This year, Merriam-Webster officially added the non-binary pronoun "they" to its dictionary, and in doing so, noted that it had evidence of the non-binary use of "they" dating back to 1950. A 2018 survey by the non-partisan Pew Research Center found that 35 percent of Generation Z respondents (those born after 1996) reported that they personally know someone who uses gender-neutral pronouns such as "they" or "them." Despite these clear signals, many institutions (and many private citizens) are struggling to keep pace with the increasingly nuanced conversation around gender pronoun use in the United States.
While the issue evolves, higher education institutions must not lose sight of the legal requirements governing pronoun use already in place in their states, cities, and towns or they risk legal exposure. For example, in New York City, the New York City Human Rights Law (the "NYCHRL") has prohibited discrimination based on gender identity for almost two decades now. These protections were expanded last year and require that covered institutions use the name, pronouns, and title with which a person self-identifies regardless of the person's sex assigned at birth, anatomy, gender, medical history, appearance, or sex indicated on the person's government issued identification. California's Fair Employment and Housing Act has similar protections. These laws generally require institutions to maintain policies that implement pronoun self-identification across their campuses.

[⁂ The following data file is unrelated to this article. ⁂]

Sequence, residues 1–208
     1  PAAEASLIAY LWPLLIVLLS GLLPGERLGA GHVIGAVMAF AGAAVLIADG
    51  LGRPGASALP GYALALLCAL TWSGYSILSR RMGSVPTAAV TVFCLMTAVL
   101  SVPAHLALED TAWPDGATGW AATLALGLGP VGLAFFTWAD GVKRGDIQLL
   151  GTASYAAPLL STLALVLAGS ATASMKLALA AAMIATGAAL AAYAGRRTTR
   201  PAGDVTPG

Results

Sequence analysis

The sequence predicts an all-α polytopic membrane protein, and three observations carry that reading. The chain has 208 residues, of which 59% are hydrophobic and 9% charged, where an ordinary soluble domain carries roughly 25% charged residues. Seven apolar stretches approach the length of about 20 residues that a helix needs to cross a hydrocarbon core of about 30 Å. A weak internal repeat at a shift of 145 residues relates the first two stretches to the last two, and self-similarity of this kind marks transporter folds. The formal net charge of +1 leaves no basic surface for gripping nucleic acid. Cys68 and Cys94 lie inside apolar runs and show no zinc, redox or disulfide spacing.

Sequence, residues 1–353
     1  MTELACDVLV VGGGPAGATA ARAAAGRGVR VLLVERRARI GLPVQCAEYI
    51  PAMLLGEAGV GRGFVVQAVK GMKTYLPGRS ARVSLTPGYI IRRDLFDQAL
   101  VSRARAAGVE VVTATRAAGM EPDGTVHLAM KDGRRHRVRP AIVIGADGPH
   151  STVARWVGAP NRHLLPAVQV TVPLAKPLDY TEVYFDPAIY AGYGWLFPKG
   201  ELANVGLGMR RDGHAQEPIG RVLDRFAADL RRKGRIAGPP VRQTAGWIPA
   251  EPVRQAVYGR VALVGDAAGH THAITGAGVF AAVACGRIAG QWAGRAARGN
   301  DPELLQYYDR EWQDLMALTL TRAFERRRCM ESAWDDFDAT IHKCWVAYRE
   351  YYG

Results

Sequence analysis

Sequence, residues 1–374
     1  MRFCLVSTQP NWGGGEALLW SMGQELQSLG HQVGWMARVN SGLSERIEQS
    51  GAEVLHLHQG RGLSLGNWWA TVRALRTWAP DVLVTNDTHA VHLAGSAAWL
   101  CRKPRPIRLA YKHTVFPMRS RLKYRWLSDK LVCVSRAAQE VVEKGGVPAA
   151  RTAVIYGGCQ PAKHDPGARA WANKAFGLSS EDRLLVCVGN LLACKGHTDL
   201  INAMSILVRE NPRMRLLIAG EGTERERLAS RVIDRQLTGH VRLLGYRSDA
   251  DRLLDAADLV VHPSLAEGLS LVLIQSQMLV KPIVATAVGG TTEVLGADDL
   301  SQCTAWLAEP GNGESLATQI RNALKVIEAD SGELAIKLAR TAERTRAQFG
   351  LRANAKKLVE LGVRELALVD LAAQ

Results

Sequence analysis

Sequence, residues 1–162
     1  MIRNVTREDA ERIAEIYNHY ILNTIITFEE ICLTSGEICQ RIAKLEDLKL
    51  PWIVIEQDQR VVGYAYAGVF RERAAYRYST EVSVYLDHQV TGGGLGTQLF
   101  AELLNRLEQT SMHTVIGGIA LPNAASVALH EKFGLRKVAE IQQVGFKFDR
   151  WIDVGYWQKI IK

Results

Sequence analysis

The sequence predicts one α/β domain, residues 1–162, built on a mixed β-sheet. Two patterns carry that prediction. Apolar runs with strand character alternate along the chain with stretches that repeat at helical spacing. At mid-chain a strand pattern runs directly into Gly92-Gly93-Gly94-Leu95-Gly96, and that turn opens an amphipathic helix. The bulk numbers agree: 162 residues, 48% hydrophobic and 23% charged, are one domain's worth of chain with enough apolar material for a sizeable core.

Institutions of higher education that do not yet have such a policy in place are missing a crucial tool to combat discrimination and reduce liability on campus. For institutions that already have a policy in place, implementation should be an area of close focus since laws such as the NYCHRL require that policies be implemented in a manner to prevent harassment based on gender identity or non conformity for employees. Agencies such as the NYC Commission on Human Rights are increasingly looking past the language of policies to examine the effectiveness of implementation. Recognizing that employees who will be responsible for implementing your institution's policies may still be unfamiliar with (or confused by) the emerging rules of the road and descriptors such as cisgender, non-binary, and intersex, employee training and campus awareness on the nuances of these policies and laws is a crucial piece of the equation for regulatory compliance and preventing discrimination on campus.